Genetic & Molecular Mechanisms
Developmental genetics of the vertebrate retina
Deborah Stenkamp Ph.D., Peter Fuerst Ph.D., Barrie Robison Ph.D., and Diana Mitchell Ph.D.
The Stenkamp lab studies how the specific neuronal and glial types of the vertebrate retina are generated and differentiated during development, and how they are regenerated after retinal damage. We use the zebrafish as our primary animal model, because teleost fish such as zebrafish develop as many as nine spectrally distinct types of retinal photoreceptors, and have the capacity for functional retinal regeneration. Our experiments involve developmental and genetic manipulations and the use of live and static imaging, and molecular analyses including RNA-seq. Our BEACON-related work includes a collaborative project with the Fuerst lab in which we investigate retinal structure and regenerative capacity in the gar, a fish that did not experience the genome-wide gene duplication event of teleosts and has a genome structure more similar to mammals. In addition, we are investigating the differential expression and evolution of tandemly-replicated visual pigment genes in teleost fish and primates. In many cases these tandem replications are very recent evolutionary events.
Evolution of flexibility for intrinsically disordered proteins
Gary Daughdrill Ph.D. and F. Marty Ytreberg Ph.D.
Intrinsically disordered proteins are highly dynamic, do not form compact structures, and their dysfunction is associated with many human diseases. We hypothesize that the conformational flexibility of these proteins exerts selection pressure and determines the evolution of their specific binding mechanisms. To test this hypothesis we are determining the conformational flexibility and binding mechanisms for homologous intrinsically disordered proteins using a combination of experiment and computer simulation.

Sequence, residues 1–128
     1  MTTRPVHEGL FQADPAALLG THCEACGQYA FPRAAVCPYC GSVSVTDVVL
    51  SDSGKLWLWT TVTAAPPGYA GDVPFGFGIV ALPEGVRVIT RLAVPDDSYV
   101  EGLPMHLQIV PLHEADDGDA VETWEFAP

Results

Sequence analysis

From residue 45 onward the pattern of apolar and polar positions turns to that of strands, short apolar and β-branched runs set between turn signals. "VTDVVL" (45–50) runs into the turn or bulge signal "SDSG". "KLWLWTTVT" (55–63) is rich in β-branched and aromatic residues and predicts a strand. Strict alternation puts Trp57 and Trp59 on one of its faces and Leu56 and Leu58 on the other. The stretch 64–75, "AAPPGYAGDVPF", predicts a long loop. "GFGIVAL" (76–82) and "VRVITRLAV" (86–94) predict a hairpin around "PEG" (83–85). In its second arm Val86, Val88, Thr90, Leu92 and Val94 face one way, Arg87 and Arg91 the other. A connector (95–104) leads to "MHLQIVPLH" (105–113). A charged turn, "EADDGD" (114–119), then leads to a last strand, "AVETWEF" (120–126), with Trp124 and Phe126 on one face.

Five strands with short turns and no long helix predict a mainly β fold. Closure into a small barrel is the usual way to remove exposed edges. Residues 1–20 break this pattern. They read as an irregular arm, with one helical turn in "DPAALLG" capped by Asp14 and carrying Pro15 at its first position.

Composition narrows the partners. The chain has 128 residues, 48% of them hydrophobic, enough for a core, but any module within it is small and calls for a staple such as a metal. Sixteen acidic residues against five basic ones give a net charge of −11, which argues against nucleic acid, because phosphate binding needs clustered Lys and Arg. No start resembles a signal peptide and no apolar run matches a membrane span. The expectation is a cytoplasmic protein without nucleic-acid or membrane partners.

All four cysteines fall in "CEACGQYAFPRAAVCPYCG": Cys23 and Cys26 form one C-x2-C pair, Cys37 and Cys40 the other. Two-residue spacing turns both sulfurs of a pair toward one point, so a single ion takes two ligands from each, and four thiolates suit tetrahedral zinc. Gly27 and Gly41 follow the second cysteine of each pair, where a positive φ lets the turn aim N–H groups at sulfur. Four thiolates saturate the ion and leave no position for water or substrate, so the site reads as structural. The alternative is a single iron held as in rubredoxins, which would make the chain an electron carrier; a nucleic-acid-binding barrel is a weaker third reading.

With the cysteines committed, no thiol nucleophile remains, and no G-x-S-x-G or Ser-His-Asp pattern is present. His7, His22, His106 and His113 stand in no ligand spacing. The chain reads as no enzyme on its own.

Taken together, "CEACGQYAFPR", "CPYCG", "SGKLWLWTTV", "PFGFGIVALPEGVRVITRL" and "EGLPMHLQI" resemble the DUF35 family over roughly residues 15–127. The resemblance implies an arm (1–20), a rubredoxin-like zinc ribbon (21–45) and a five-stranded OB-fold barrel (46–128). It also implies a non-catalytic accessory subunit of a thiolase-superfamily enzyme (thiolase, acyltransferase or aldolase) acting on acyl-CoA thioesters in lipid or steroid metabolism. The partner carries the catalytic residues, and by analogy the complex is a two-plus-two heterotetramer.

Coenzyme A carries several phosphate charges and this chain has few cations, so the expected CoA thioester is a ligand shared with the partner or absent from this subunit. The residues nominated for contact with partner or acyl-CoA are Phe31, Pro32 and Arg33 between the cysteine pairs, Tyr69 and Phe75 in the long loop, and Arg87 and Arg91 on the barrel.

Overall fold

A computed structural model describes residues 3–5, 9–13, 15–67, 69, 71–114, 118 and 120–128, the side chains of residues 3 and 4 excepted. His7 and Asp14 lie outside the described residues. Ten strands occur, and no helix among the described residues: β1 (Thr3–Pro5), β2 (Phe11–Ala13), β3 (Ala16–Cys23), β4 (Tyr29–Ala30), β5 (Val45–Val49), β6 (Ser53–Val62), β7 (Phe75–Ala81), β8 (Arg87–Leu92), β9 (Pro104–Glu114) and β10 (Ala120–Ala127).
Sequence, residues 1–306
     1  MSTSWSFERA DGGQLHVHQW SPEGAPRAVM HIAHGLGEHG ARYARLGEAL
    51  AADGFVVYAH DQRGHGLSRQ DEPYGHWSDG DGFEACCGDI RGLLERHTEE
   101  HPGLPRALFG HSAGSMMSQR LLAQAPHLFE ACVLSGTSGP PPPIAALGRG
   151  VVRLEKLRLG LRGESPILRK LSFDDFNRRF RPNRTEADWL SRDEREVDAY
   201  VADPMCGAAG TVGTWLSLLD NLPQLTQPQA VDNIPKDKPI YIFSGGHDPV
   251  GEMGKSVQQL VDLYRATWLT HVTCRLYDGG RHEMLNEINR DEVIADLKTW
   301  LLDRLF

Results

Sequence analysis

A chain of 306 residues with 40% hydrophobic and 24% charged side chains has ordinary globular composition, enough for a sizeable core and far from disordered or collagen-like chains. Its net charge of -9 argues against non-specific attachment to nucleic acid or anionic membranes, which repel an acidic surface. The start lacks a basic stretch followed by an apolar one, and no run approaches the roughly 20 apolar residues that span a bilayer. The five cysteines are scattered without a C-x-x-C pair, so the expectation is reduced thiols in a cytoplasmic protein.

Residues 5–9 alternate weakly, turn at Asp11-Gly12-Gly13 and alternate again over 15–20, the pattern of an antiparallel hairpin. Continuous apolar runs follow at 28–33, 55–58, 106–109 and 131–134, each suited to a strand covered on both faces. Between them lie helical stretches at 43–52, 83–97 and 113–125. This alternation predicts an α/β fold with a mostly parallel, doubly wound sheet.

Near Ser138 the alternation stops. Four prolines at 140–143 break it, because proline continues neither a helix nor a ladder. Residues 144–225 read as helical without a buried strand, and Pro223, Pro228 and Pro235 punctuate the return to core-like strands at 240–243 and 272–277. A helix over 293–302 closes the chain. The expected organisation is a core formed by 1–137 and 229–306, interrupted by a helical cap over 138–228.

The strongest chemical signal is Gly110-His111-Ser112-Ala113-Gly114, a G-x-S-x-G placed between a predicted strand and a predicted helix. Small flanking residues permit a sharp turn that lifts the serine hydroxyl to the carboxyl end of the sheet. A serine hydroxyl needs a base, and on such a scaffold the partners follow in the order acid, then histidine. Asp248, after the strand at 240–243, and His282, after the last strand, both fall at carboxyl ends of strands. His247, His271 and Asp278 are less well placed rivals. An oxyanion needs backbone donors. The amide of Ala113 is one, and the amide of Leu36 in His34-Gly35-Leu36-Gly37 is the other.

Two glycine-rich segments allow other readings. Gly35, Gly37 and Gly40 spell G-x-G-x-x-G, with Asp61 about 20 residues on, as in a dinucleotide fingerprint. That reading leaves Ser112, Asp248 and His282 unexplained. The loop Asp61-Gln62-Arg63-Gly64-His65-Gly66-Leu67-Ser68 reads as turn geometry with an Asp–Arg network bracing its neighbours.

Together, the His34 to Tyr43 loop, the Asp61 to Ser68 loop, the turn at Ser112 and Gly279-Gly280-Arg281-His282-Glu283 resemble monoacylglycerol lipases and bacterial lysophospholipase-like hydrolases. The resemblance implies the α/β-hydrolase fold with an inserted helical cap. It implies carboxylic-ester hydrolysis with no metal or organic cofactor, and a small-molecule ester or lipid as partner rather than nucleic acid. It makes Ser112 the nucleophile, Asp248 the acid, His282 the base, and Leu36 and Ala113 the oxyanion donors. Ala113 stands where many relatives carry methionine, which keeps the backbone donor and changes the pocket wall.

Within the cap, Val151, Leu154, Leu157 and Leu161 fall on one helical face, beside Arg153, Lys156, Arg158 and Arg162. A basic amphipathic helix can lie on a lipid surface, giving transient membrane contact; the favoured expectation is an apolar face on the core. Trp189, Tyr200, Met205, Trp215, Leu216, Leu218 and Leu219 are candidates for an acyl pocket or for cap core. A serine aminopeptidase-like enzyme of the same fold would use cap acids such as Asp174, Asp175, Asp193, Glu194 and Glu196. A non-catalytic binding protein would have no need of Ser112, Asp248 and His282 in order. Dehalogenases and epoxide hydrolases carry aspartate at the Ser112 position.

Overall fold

Evolution of plasmid host range
(supported by NIH and NSF BEACON)
Eva Top Ph.D.
Since rapid plasmid-mediated spread of multi-drug resistance (MDR) to human pathogens is threatening our fight against infectious diseases, we need novel therapies aimed at limiting the spread of new resistance genes. However, we still do not understand if and how the host-range of a plasmid can expand, contract or shift over time. Our project aims at discerning patterns of plasmid host range evolution in bacteria through (i) experimental evolution studies followed by (ii) molecular and biochemical analysis of evolved plasmids, and (iii) mathematical and statistical modeling of the evolutionary processes in collaboration with J. Ponciano Ph.D. (University of Florida).
Plasmid persistence in biofilms
(supported by NIH and NSF BEACON)
Eva Top Ph.D. and Larry J. Forney Ph.D.
Most bacteria live in microcolonies or biofilms and rarely in completely mixed liquids. For example, infections of combat wounds are commonly caused by MDR bacteria that form biofilms. However, our understanding of bacterial evolution in real time comes mostly from laboratory studies with liquid cultures. We hypothesize that the evolutionary trajectories of MDR plasmids are different in biofilms than in well-mixed liquids due to the spatially structured environment of biofilms. To test this hypothesis we evolve bacteria-plasmid pairs in liquid cultures and biofilm flow cells, and compare the molecular mechanisms of plasmid-host coevolution.
Adaptive evolution of viruses
Paul Joyce Ph.D., Holly Wichman Ph.D. and Craig Miller Ph.D.
With growing awareness of how pathogen adaptation impacts the battle against infectious disease, mathematical models of adaptation have become central to this fight. However, most of the theoretical work focuses on general patterns of adaptation, while the empirical work provides rich details specific to the pathogen under study. The long term goal of this research is to develop a flexible framework for predicting evolution that is rich enough to accommodate empirical data from organisms that evolve in real time.